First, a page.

And this is where people get into trouble.
Too often, photographers blame their problems on a deficiency with the gear when in reality, it’s a deficiency in their technique. This is where the idea that new gear won’t make you a better photographer comes into play. If you haven’t developed your technique and proficiency to a level that allows you to take advantage of the improvements with new gear, that new gear won’t serve you nearly as well as someone with a more honed set of skills. However – it still may help you to get more from your current skillset.
Once again, let’s turn to birds-in-flight shots for our example, but this applies to any action scenario. To prevent images so soft that pillow companies want to use them as stuffing, you need to practice proper techniques. You need to know what shutter speeds, F/stops, frame rates, AF modes, and settings to use.
Of course, a set of fine-tuned physical skills are also essential for capturing images of our avian friends. Things like getting on and staying on the bird, knowing how to keep the AF area where you want it, when to shoot, when to stop, and a host of other variables having zero to do with the camera in your hand.
Sure, buying a new camera may help a little here, since some improvements (like better AF) often act as a band-aid to poor technique or inexperience.
For example, my wife was just starting to learn BIF photography when we went on our last Africa trip. While she grabbed a shot here and there with our Nikon DSLRs, her hit rate was still discouragingly low. (Yes, I was helping her, but as any married couple will tell you, teaching your spouse something new can quickly have both parties Googling “divorce lawyer” if you’re not careful.)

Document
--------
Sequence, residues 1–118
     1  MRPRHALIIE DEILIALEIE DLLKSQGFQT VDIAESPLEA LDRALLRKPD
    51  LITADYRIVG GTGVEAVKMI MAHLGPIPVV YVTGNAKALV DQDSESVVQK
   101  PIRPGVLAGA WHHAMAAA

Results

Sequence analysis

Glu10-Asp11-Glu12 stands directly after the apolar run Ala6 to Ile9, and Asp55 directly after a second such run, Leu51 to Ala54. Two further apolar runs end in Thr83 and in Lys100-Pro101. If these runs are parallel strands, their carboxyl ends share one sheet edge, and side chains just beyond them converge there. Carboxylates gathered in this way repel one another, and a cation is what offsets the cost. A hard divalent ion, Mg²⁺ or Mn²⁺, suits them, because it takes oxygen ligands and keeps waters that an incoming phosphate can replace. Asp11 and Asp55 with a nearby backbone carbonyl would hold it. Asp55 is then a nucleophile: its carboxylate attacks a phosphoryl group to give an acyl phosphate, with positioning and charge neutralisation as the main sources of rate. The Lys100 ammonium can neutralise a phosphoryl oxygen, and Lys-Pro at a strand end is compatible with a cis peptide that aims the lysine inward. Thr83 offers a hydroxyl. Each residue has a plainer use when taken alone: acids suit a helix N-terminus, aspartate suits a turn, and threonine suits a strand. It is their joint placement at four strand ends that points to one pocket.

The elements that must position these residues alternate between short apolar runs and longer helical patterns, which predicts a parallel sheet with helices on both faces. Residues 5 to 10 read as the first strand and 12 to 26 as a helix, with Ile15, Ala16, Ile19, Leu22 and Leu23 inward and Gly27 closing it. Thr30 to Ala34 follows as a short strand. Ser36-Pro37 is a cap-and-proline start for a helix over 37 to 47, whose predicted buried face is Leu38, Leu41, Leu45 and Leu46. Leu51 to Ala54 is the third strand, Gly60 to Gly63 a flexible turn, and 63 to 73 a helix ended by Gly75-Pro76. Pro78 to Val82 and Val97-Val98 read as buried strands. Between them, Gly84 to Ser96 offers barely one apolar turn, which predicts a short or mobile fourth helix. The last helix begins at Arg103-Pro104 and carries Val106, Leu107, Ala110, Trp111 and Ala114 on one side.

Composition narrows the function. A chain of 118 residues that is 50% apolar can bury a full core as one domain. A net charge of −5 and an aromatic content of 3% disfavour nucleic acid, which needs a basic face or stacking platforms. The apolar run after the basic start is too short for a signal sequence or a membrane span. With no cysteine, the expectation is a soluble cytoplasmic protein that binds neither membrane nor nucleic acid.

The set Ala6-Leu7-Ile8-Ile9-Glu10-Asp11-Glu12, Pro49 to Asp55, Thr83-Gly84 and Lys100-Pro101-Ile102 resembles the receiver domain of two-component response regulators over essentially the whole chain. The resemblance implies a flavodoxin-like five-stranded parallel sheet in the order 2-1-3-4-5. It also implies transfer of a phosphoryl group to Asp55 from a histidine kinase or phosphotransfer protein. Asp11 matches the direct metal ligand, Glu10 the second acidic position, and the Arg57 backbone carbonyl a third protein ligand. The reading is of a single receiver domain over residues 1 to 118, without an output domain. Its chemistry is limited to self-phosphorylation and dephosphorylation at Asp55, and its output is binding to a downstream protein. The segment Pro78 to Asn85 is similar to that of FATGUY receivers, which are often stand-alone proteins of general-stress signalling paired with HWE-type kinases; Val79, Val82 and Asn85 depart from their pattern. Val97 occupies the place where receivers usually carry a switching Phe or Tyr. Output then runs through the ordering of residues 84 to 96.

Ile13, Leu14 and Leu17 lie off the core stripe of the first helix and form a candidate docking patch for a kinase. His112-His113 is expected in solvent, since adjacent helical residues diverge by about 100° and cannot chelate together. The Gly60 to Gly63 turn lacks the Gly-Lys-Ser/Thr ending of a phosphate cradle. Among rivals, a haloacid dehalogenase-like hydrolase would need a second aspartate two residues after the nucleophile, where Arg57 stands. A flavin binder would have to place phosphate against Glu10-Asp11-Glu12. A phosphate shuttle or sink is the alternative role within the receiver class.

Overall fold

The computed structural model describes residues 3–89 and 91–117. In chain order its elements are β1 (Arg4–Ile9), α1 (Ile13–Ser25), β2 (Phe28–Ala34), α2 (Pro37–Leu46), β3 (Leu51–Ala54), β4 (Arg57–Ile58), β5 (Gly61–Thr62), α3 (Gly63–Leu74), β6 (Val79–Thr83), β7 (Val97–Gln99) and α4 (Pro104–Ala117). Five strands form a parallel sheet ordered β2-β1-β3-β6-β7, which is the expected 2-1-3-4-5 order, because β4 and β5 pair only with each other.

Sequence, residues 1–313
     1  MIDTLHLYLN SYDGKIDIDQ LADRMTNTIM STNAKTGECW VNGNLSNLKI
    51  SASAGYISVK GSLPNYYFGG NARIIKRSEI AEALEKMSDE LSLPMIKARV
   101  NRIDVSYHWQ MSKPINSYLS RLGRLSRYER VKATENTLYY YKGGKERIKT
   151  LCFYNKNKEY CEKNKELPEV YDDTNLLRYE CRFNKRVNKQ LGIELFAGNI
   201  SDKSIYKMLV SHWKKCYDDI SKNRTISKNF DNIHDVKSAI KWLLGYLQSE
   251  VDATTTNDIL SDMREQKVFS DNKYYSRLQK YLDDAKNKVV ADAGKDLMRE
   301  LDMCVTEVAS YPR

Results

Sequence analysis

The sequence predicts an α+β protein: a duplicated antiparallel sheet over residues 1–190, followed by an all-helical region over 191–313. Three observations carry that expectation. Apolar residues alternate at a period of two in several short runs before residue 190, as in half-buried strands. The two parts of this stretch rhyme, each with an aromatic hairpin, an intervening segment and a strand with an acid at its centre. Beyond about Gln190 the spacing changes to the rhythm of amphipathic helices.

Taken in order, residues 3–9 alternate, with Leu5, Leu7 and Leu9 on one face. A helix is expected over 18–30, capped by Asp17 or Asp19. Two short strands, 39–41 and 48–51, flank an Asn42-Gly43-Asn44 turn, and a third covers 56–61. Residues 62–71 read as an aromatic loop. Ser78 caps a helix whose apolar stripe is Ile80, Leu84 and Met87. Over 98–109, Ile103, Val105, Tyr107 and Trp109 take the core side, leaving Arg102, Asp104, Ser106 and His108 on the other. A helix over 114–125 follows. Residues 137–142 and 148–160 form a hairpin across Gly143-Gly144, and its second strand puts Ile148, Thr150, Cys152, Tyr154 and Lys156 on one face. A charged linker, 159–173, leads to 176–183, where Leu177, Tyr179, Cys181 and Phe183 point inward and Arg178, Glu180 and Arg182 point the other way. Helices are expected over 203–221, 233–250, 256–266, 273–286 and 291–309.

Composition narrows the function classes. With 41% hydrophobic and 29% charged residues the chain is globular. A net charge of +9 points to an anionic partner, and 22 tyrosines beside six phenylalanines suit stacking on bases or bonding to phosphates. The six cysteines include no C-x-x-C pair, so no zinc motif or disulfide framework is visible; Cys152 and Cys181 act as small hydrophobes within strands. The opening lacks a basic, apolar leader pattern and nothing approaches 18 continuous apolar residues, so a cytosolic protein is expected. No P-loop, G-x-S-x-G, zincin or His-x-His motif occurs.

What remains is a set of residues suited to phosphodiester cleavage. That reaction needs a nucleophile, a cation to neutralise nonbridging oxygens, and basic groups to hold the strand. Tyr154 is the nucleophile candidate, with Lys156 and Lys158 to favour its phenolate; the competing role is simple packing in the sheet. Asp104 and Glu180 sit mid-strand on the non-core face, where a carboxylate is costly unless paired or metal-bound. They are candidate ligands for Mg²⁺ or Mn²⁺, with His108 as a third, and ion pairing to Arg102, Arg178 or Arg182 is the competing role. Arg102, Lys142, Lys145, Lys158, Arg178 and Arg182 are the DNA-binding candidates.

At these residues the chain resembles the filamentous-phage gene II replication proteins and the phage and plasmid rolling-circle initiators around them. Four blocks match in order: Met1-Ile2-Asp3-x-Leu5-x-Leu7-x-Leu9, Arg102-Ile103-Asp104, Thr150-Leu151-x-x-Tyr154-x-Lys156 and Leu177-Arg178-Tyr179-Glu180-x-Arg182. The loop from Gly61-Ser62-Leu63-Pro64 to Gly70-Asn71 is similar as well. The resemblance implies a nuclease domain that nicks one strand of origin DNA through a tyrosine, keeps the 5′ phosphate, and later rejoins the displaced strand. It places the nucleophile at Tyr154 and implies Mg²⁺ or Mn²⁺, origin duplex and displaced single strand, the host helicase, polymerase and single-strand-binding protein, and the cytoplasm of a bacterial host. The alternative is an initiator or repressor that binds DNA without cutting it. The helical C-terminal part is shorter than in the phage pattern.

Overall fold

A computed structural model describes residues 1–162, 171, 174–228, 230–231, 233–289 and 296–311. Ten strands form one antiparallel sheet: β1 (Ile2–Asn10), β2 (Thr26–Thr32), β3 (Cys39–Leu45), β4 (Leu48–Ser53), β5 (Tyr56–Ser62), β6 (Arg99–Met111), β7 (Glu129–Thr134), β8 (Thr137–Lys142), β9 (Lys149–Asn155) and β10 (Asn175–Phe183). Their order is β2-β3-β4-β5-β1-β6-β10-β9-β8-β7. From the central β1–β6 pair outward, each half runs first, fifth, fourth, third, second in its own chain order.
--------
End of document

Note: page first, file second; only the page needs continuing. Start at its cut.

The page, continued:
However, on this trip we had a Sony A7r4 and its advanced tracking system allowed her to capture images that typically take far more experience to grab with a DSLR (small, fast birds). Shots she just wasn’t able to get with her old gear were hitting her memory card left and right.
So, in essence, the gear was helping to make her a “better” photographer. However, the improved features of that camera were not helping her at the same level they would someone with lots of experience and good technique.
While she did get some killer shots, she still struggled with keeping the bird in the finder for more than a few seconds. A more seasoned BIF shooter would have enjoyed a much higher keeper rate.
In short, if you master every technique required for successful bird-in-flight photography (or whatever type of photography you enjoy), you’ll discover that you can immediately leverage the benefits new gear brings to the field. If any technical aspect of the camera was acting as a limit before and is not in play now (frame rate, AF performance, buffer depth, ISO, etc. ) you’ll instantly see a higher keeper rate.
In some cases, your new gear helps you get the most from a limited skillset. In other cases your skills were beyond the cameras abilities and you were boxed in by the technical limits of your old gear.